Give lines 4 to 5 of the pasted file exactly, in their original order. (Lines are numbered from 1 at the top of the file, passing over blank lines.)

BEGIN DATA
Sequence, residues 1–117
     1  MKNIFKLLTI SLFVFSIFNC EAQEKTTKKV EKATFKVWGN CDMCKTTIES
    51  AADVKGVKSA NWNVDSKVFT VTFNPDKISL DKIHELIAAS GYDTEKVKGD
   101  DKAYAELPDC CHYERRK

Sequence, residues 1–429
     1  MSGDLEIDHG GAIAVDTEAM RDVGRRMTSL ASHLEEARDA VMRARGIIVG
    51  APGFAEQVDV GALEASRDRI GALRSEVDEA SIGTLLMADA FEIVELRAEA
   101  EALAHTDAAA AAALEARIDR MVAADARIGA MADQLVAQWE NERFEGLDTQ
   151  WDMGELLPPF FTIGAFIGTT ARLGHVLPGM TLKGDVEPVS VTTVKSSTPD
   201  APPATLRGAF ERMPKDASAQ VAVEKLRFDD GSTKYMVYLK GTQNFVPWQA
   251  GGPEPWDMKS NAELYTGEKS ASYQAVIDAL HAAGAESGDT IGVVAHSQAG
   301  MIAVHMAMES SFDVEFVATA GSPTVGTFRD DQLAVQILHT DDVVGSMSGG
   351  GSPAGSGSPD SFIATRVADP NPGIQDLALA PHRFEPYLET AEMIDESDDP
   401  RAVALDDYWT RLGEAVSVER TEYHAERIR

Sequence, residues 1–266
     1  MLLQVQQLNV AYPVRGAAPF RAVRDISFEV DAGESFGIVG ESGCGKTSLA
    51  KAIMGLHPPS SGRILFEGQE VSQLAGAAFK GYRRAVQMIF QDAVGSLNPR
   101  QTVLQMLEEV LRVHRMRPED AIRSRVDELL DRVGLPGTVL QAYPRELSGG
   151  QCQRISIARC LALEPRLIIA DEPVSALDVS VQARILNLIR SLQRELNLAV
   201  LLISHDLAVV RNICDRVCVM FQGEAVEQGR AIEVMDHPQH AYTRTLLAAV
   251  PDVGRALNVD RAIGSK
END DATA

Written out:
   101  DKAYAELPDC CHYERRK

Sequence, residues 1–429